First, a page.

Yesterday i wrote a long piece about Google Buzz over on my own blog, Strange Attractor. The long and the short of it is that Google has released a Twitter-clone that is embedded in Gmail. Various privacy concerns rapidly came to light which resulted in quite a few concerned blog posts from various quarters.
Once alerted to these concerns, Google immediately addressed some of them, although not everyone is convinced that it has gone far enough to correct the problems. Jessica Dolcourt has written a detailed set of instructions for how to fully disable Buzz for those unhappy with its intrusion into their inbox.
On the one hand, I’m not at all surprised that Google could mess this up so badly. Whilst a brilliant company from an engineering standpoint, it has a history of not really understanding people particularly well. When it does attempt social applications, it tends to do them clumsily.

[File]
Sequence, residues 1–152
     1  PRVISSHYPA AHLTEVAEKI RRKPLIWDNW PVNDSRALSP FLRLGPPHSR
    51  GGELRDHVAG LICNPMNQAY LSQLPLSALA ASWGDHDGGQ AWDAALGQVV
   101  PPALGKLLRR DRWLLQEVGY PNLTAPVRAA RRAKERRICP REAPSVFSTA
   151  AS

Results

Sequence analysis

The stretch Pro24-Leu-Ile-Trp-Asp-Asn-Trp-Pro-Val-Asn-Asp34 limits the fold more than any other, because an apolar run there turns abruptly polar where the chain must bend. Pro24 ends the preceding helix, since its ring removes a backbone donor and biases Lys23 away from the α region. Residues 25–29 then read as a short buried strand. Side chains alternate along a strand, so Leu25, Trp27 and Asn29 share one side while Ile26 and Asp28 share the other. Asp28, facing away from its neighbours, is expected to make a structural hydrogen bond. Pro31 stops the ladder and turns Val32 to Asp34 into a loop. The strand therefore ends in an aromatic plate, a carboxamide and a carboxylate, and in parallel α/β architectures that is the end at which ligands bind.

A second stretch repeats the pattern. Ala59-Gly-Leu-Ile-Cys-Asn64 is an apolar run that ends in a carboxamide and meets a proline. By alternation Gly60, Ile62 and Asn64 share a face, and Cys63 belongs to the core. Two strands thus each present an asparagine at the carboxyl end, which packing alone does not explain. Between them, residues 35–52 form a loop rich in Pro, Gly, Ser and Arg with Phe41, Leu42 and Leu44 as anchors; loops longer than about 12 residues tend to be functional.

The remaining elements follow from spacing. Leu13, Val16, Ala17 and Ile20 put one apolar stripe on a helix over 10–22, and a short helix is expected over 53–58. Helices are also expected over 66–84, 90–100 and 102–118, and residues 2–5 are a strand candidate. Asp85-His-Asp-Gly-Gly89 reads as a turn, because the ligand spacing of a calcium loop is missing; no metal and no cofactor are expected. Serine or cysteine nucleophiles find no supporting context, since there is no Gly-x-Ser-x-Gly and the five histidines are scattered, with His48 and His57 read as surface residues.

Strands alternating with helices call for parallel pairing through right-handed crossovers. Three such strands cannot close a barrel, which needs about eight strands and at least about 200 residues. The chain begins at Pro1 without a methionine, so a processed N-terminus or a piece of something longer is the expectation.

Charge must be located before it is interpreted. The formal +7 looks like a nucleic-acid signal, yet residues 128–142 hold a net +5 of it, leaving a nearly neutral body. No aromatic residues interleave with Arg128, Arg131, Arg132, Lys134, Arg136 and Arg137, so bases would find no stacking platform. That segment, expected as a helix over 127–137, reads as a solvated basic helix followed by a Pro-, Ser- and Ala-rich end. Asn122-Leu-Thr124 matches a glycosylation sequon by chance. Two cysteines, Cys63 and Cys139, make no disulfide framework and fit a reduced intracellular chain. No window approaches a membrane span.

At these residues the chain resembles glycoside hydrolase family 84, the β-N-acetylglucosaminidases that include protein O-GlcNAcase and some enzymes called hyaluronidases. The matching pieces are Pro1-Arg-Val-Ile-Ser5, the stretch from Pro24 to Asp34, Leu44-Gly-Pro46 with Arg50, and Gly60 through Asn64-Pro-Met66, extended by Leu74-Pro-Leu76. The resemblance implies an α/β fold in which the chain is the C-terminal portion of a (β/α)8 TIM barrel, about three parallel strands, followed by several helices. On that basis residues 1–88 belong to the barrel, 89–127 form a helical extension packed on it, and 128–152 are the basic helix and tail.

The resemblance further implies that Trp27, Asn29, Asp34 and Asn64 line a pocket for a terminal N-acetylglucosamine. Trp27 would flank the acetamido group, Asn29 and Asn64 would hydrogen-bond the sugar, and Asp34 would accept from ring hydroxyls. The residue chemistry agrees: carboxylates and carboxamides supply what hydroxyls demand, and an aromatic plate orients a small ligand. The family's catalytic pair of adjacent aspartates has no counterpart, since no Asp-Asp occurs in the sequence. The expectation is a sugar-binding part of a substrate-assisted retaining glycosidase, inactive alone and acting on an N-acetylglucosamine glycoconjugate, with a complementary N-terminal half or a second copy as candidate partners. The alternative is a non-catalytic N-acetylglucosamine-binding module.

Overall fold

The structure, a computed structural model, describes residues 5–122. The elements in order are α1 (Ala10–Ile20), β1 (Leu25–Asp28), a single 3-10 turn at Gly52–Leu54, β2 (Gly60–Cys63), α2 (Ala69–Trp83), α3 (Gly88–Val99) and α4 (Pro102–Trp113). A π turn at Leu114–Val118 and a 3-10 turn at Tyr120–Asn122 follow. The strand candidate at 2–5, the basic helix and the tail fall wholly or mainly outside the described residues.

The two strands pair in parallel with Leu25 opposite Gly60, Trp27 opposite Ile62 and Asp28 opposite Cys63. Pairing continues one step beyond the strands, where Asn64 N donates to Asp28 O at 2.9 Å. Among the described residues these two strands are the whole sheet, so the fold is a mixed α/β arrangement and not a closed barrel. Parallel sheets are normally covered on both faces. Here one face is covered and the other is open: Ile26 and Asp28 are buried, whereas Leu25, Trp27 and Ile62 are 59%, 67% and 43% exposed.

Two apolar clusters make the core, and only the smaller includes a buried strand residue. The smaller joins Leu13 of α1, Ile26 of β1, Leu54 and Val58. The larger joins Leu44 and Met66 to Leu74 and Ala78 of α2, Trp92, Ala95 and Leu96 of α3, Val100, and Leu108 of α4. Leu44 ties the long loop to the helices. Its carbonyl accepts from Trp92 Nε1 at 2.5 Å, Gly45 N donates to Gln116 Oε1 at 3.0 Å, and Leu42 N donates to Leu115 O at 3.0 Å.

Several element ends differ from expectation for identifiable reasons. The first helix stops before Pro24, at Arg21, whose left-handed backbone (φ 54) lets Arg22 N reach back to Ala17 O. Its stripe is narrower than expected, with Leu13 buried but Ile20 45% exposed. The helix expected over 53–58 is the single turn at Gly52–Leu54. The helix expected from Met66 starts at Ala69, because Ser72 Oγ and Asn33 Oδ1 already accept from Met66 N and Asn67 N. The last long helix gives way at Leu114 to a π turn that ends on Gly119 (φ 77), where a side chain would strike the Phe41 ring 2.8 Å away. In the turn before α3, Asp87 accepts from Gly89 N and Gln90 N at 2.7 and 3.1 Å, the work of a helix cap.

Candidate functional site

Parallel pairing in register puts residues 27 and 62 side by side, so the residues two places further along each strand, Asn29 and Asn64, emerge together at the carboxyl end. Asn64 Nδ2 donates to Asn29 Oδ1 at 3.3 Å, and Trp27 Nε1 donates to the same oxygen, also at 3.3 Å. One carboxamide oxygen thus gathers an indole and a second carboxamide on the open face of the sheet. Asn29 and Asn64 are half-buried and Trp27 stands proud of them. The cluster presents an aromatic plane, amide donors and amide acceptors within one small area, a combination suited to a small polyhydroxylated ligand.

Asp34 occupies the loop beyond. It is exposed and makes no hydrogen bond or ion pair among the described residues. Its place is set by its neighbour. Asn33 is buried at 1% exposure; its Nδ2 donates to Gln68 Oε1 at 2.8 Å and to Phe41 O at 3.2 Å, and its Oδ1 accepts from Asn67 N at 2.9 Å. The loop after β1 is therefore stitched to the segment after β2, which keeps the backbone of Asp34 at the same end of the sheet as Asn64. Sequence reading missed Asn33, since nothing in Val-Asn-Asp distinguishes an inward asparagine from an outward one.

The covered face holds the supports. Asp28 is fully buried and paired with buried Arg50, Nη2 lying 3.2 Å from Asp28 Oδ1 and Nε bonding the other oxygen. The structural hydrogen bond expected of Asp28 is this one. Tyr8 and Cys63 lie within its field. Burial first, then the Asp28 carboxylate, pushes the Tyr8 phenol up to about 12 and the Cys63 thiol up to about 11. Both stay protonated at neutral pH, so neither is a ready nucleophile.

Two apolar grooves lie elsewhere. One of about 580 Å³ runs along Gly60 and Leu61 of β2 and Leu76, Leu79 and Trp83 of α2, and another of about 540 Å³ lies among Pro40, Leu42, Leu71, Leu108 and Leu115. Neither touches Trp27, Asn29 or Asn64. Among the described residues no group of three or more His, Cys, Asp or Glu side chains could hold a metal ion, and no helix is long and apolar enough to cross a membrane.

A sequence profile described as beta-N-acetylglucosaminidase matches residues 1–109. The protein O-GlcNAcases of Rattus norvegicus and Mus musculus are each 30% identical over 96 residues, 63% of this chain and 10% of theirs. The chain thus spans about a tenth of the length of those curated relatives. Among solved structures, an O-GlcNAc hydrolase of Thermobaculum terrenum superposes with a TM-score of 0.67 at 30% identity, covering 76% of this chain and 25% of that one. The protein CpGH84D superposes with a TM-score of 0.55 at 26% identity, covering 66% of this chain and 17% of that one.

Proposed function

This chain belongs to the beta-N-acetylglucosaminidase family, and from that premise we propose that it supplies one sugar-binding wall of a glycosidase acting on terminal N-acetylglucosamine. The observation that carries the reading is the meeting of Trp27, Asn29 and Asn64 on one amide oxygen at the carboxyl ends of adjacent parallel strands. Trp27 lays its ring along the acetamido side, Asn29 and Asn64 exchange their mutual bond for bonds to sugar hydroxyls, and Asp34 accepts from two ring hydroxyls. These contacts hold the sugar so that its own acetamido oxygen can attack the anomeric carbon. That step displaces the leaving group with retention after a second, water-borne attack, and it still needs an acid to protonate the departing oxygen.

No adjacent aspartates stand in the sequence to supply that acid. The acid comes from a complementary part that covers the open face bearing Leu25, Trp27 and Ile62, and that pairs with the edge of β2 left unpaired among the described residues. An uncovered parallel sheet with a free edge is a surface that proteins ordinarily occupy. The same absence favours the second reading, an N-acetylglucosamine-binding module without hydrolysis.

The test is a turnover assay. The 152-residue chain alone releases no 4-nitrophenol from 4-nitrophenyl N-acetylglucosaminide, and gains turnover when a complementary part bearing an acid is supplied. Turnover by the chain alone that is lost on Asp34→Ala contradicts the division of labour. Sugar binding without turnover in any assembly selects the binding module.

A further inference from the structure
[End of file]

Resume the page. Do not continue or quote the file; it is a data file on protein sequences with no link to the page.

Most of the stuff that was (and is) wrong with Google Buzz is obvious right from the get-go. A small user test with a handful of people would have picked it up. I wonder if Google did any user testing at all with Buzz, or whether they did it with people who work at Google and therefore, dare I say it, probably don’t think the way we do. Had they reached out to wider user community I think they would have rapidly discovered that Buzz made people feel squicky and that privacy was a serious concern.
We do know that Google does testing. They famously “couldn’t decide between two blues, so they’re testing 41 shades between each blue to see which one performs better.” The question is, do they do user testing, and do they do it right? The mistakes made by Google Buzz would indicate that good user testing is not used uniformly across the business.